We can see that my forest has two sites, has several subnets bound to them, and there are connections between the DC’s. Let’s zoom in on that Main-Office site:


Nifty – we can see the GC’s, the subnet details, the intra and inter-site connections, the Site Link costs and schedule, and even the DC running the ISTG. If you want more detail on all these components check out the highly detailed How Active Directory Replication Topology Works.

Moving on to the AD Application Partitions.vsd, we can see that only two root domain DC’s are using 2003-style integrated DNS:


Since we have an Exchange 2003 server in this environment, Ex Organization.vsd shows us that it has affinity with the Main-Office site.


By zooming in we can see that server 2003SRV12 is part of the ‘First Administrative Group’ and is running Exchange 2003 Service Pack 2. It has 32 mailboxes. Any DC/GC lookups it’s doing should be happening against the two DC’s in this site.


Finally for ADTD, we come to the OU diagram. The diagrammer can list out all the OU’s (below is a snippet), but other than telling us that that a Group Policy Object is linked to a given location, it doesn’t give much about the policies themselves.


So here’s where GPMC scripting kicks in:

1. We open a CMD prompt on our data gathering machine and (assuming we installed to default path) navigate to:

C:Program FilesGPMCScripts

2. We type:

MD c:GPMCReports

3. We execute (using our example domain):

Cscript ListSOMPolicyTree.wsf / > c:gpmcreportsfabrikamgpotree.txt

4. This returns us the c:gpmcreportsfabrikamgpotree.txt. If we open it we see:

=== GPO Links for domain ===

      GPO=Default Domain Policy

   OU=Domain Controllers
         GPO=Default Domain Controllers Policy
            GPO=Logoff Screensaver
                  GPO=Password Screensaver
         GPO=No Boot

=== GPO Links for sites in forest DC=fabrikam,DC=com ===


5. We execute in our command prompt:

Cscript GetReportsForAllGPOs.wsf c:gpmcreports /

6. This returns all of our policy settings for to the c:gpmcreports folder:

== Found 6 GPOs in

Generating XML report for GPO ‘No Boot’
Generating HTML report for GPO ‘No Boot’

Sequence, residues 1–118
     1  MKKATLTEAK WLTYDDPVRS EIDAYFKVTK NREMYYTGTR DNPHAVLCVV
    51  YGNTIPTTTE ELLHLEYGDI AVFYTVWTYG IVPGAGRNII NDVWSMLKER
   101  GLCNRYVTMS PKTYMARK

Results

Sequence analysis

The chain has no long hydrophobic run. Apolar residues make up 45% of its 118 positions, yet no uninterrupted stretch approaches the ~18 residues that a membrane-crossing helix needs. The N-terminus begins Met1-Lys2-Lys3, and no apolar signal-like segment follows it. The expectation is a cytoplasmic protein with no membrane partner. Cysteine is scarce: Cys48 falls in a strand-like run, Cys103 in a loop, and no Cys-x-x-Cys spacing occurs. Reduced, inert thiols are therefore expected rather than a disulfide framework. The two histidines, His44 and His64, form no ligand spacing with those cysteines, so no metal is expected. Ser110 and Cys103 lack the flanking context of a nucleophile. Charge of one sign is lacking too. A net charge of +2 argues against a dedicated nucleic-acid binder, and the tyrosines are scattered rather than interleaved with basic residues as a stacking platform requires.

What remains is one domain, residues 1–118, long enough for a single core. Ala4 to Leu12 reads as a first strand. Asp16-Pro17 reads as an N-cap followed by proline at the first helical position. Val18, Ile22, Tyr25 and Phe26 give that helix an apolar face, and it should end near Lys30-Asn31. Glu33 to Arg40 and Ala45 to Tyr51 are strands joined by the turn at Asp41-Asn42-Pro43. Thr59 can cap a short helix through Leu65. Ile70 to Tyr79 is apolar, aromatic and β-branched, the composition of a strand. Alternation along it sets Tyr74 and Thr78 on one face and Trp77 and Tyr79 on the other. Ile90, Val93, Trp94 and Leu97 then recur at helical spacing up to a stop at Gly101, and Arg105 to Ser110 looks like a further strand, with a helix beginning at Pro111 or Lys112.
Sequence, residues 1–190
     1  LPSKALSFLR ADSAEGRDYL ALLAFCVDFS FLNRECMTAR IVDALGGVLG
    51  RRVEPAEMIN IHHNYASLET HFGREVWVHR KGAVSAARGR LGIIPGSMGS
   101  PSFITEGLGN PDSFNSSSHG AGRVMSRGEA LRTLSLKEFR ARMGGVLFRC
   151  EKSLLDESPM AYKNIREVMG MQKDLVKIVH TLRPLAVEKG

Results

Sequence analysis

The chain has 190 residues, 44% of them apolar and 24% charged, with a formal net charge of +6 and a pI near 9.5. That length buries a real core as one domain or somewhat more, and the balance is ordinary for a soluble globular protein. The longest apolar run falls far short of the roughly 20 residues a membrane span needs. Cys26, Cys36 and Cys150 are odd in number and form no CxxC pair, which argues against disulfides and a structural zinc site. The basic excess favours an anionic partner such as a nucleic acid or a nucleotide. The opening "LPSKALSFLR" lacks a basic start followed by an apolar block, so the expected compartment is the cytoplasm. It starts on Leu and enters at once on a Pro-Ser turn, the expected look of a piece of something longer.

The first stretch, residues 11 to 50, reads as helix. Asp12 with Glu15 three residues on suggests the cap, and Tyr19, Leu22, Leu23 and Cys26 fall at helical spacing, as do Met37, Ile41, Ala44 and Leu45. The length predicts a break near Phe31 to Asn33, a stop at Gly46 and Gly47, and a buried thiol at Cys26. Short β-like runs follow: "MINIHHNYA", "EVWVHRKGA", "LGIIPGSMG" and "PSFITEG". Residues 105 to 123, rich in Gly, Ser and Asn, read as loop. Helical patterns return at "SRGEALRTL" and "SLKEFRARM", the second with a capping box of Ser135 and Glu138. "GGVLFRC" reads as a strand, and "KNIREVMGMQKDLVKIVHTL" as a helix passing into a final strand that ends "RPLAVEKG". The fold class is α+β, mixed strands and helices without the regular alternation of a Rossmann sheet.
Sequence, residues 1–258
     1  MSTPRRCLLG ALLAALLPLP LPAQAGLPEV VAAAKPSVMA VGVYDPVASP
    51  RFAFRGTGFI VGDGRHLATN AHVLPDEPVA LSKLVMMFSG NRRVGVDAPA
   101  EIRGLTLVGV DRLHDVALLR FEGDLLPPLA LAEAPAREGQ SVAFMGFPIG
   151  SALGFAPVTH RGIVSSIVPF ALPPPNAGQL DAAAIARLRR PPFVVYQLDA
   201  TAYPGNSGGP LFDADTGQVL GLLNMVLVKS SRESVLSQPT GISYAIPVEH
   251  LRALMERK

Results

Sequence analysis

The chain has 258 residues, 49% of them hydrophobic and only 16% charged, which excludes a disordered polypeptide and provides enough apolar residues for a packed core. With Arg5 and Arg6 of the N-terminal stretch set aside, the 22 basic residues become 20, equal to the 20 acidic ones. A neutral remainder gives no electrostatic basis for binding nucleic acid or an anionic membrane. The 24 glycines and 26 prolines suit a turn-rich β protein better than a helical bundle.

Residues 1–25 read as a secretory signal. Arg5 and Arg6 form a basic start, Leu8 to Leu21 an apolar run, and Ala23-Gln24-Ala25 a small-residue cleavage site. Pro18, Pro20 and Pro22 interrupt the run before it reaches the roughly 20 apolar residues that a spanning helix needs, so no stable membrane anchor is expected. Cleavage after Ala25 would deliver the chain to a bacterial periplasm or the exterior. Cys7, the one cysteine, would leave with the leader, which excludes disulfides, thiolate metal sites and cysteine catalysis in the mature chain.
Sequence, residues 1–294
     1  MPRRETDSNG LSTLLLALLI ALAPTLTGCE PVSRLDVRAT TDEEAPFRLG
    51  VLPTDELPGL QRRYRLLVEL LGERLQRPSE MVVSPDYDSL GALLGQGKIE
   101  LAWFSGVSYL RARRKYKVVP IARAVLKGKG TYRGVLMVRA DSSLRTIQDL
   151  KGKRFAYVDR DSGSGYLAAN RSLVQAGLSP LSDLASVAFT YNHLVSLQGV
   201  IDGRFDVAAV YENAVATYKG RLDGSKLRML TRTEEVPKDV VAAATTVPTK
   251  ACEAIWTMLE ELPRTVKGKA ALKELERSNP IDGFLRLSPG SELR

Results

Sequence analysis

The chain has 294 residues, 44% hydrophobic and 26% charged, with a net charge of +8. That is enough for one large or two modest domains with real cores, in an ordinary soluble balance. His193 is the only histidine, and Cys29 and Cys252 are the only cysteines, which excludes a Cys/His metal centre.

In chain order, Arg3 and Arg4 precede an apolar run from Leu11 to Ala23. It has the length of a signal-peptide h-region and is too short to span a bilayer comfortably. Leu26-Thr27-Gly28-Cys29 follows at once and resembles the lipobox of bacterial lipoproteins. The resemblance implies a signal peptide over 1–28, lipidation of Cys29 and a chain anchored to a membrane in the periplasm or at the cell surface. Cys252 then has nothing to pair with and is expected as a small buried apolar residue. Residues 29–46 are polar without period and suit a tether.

Generating XML report for GPO ‘Default Domain Policy’
Generating HTML report for GPO ‘Default Domain Policy’

Generating XML report for GPO ‘Logoff Screensaver’
Generating HTML report for GPO ‘Logoff Screensaver’

Generating XML report for GPO ‘Password Screensaver’
Generating HTML report for GPO ‘Password Screensaver’

Generating XML report for GPO ‘Default Domain Controllers Policy’
Generating HTML report for GPO ‘Default Domain Controllers Policy’

Generating XML report for GPO ‘AllCheck’
Generating HTML report for GPO ‘AllCheck’

Report generation succeeded for 12 reports.
Report generation failed for 0 reports.

7. If we open one of these HTML reports, we can see everything there is to know about that policy. For example, we’ll open the ‘Password Screensaver’ GPO which is linked at OU ‘nested4’; there’s great stuff here…


Like settings detail above.


Or version history and status.


Or delegation.

Since all this is HTML and XML, you could simply link these live into your OU VSD’s, or get fancier and automate the importation of XML data (using Visio skills far better than mine!). Worst case you’re doing a little copying and pasting from the fabrikamgpotree.txt to update your GPO information instead of hand-crafting thousands objects and settings.

Now all you need is that $20,000 color plotter so you can print out your diagram wall-sized…

Further useful group policy information:

Group Policy Management Console Scripting Samples

GP Settings Reference


On the OU’s tab you can select to draw out all your Organizational Units. Most of the time you’ll want to avoid limiting the depth since your diagram will be incomplete.


On the Sites tab you can specify that Site Links, Replication Connections, and subnets are drawn. Avoid using the ‘suppress empty sites’ setting as it’s useful to see locations using Automatic Site Coverage.